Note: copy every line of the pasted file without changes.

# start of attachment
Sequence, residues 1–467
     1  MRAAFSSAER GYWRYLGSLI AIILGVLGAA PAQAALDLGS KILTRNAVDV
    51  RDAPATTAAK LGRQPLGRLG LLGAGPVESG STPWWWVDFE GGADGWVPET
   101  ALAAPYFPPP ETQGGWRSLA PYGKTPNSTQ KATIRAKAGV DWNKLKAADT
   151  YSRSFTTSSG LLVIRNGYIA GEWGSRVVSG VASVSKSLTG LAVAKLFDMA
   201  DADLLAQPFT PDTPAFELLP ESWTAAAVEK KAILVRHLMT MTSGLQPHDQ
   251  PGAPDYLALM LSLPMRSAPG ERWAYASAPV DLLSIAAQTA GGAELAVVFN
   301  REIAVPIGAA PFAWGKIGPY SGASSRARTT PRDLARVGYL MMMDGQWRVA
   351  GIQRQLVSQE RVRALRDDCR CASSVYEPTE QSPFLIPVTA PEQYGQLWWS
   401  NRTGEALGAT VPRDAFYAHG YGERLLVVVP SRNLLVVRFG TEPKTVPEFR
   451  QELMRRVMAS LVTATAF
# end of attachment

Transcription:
Sequence, residues 1–467
     1  MRAAFSSAER GYWRYLGSLI AIILGVLGAA PAQAALDLGS KILTRNAVDV
    51  RDAPATTAAK LGRQPLGRLG LLGAGPVESG STPWWWVDFE GGADGWVPET
   101  ALAAPYFPPP ETQGGWRSLA PYGKTPNSTQ KATIRAKAGV DWNKLKAADT
   151  YSRSFTTSSG LLVIRNGYIA GEWGSRVVSG VASVSKSLTG LAVAKLFDMA
   201  DADLLAQPFT PDTPAFELLP ESWTAAAVEK KAILVRHLMT MTSGLQPHDQ
   251  PGAPDYLALM LSLPMRSAPG ERWAYASAPV DLLSIAAQTA GGAELAVVFN
   301  REIAVPIGAA PFAWGKIGPY SGASSRARTT PRDLARVGYL MMMDGQWRVA
   351  GIQRQLVSQE RVRALRDDCR CASSVYEPTE QSPFLIPVTA PEQYGQLWWS
   401  NRTGEALGAT VPRDAFYAHG YGERLLVVVP SRNLLVVRFG TEPKTVPEFR
   451  QELMRRVMAS LVTATAF